How to Buy, Sell and Store Gold in Australia

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So now I want to talk about buying and selling gold.

First – who’d want to own gold?

After all,

It costs money to store.

It doesn’t pay a yield.

To make any sort of return, some people say, you need to have your money invested in gold for years, even decades…

If that’s not enough to put you off buying gold, they scream that gold is a relic from a bygone era…

A time when markets weren’t electronic.

When gold belonged to insular countries…

Yet these are the exact same arguments many people make FOR owning gold.

Gold was the epicentre of the monetary system for over 3,000 years.

It was only 40 years ago that the world was taken off the gold standard to be replaced by fiat currency – paper money, in other words.

Historically, gold is how families retained and passed on wealth from generation to generation.

And they had every reason to…

In times of market panic, the price of gold can rise.

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When inflation took hold, the purchasing power of gold remained.

When deflation spread, the purchasing power of gold still remained.

But that brings up an important point about investing in gold…

Buying gold — and silver for that matter — isn’t a about making a quick buck.

It’s seen as a wealth protection measure – an opportunity to hedge against market uncertainty and the falling value of fiat currencies.

If you worry about these kinds of things, buying and holding some gold might help you sleep better at night.

So let’s talk about how you do it…

First: what kind of gold should you buy?

To some people, it’s important to own at least some physical gold. By that I mean gold bullion and coins.

It depends on your view of ‘portfolio insurance’. You could choose to have a % allocation of your net wealth in physical gold.

The idea here is that gold will do well when the stock market or property market doesn’t.

There’s no guarantee, however.

So, how do you get your hands-on physical gold?

If you’re a first-time gold buyer, stick with recognised bullion dealers.

There are many dealers spread across Australia. Here are just some of them:

Please note we are not affiliated with any of these dealers.

These are the largest bullion dealers in Australia. 

The best way to get started is to visit a reputable bullion dealer, either in person or through their website.

You don’t have to buy from a bullion dealer in your state.

Most of them will ship to any address, as long as you can sign for the delivery in person.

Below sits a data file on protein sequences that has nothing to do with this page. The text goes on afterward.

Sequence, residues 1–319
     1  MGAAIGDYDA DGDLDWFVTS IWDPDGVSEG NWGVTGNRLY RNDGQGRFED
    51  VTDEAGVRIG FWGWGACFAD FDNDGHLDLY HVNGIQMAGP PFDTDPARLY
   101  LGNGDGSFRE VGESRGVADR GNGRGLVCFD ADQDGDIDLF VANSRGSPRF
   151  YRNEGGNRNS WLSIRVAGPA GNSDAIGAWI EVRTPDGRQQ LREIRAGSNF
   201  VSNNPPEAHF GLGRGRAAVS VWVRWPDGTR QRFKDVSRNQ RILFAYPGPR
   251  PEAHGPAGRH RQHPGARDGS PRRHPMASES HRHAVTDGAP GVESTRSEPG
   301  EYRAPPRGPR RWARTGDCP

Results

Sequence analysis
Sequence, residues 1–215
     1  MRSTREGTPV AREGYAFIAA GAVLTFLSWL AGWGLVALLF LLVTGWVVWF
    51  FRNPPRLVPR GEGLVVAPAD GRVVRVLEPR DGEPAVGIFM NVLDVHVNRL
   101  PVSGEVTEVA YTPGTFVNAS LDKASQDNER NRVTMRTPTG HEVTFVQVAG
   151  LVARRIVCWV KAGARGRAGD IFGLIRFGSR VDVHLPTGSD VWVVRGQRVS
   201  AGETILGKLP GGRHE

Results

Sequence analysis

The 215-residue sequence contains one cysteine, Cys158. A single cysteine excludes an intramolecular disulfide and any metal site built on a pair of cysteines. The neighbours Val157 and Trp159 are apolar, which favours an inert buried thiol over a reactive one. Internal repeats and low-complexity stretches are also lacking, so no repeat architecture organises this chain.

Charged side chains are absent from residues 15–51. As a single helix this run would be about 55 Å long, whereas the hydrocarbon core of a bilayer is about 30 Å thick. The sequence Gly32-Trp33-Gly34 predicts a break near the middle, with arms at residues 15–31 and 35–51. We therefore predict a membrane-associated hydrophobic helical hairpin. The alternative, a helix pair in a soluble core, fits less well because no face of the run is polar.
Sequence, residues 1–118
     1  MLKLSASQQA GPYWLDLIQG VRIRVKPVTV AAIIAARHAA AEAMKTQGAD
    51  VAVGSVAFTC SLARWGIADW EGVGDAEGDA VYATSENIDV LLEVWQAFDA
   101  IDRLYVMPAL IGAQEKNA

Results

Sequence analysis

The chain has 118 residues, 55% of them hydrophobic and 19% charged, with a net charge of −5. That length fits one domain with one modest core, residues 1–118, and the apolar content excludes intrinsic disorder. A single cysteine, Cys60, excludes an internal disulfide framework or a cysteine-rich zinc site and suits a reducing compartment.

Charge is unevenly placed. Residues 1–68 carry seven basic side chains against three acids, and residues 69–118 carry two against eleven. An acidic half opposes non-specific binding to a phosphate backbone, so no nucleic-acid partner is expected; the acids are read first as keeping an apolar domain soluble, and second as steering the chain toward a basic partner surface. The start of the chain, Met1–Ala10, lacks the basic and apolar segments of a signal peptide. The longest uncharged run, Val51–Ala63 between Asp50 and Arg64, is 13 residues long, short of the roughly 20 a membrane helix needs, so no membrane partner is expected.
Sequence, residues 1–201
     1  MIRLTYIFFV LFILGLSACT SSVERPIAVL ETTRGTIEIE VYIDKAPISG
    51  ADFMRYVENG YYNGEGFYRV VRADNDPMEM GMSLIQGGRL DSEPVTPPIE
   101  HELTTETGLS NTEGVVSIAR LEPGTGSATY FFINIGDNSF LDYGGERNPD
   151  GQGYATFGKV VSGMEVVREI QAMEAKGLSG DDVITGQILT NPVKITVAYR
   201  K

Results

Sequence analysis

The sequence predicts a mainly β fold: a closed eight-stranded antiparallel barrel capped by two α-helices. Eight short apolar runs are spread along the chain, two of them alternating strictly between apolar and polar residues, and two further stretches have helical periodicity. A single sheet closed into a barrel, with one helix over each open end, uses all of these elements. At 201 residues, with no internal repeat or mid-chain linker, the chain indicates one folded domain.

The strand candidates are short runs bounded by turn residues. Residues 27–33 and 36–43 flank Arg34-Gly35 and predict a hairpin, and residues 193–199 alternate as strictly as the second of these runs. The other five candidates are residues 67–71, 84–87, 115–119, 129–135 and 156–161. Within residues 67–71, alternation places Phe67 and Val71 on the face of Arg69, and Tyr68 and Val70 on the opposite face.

So you can buy from a bullion dealer in Brisbane even if you live in Melbourne.

Bullion dealers offer gold from various mints around the world, so shop around to see what you can find.

Be warned, though: all bullion dealers must adhere to the same anti-money laundering regulations as banks.

Which means that if you are buying online for pick-up in person OR courier delivery, your identity will need to be confirmed by a bullion dealer.

Generally, a passport or driver’s licence is sufficient.

In addition, the AUSTRAC Anti-Money Laundering and Counter-Terrorism Financing Act 2006 applies to transactions over $10,000 (including equivalent foreign currency amounts).

Which means that you should be prepared.

If you walk in with wads of cash over $10,000, the bullion dealer will have to report the transaction to AUSTRAC.

If you don’t want the government to know about the transaction, keep the cash transaction below this amount.

So once you have your bullion or coins, the next step is to decide where to store it.

This is very important.

You may be tempted to keep it at home.

In fact, there’s a large range of web pages that come up with ideas on how to hide gold and silver around your property.

I understand the desire to keep your precious metals close.

But storing it at home is highly risky.

For starters, you can’t insure gold kept at home.

Basically, if your bullion is lost or stolen, you’ll never be able to recoup it.

Remember, gold is money… You need to treat your gold and silver exactly as you would cash.

Once it’s gone, it’s gone for good.

If you do decide to keep your bullion at home, install a top quality safe.

I’m not talking about the sort of safe you can find at Bunnings.

There are countless YouTube videos available to show you how to crack open one of these with only a little bit of force.

If you do choose to keep your bullion at home, never, under any circumstances, tell anyone where you keep it.

Another popular — and probably more secure option — is to organise secure storage for your gold.

Banks do offer safety deposit boxes for hire.

But then your gold would be stored with a bank.

And you may decide that you don’t want to have it anywhere near the financial system.

Many Australians are often surprised to find out that the contents of their seemingly private bank safety deposit boxes aren’t that safe at all.

You may not know this, but Aussie banks can exercise their right to access the contents of your safety deposit box at any time!

For this reason, consider private storage companies.

Firms like Guardian Vaults, Kennards Self Storage, Custodian Vaults and Fortis Vaults all offer personal safety deposit
boxes for a small fee.

Even better, they are privately owned. So you won’t be storing your gold with a bank or government authority.

Just note that we don’t endorse these businesses, nor do we receive a commission for recommending them to you.

The other, and often cheaper, option is to have a bullion dealer store your gold for you.

Many bullion dealers offer to store gold on your behalf.

This means that when you buy your gold, you don’t take physical delivery of it.

The bullion dealer holds it for you.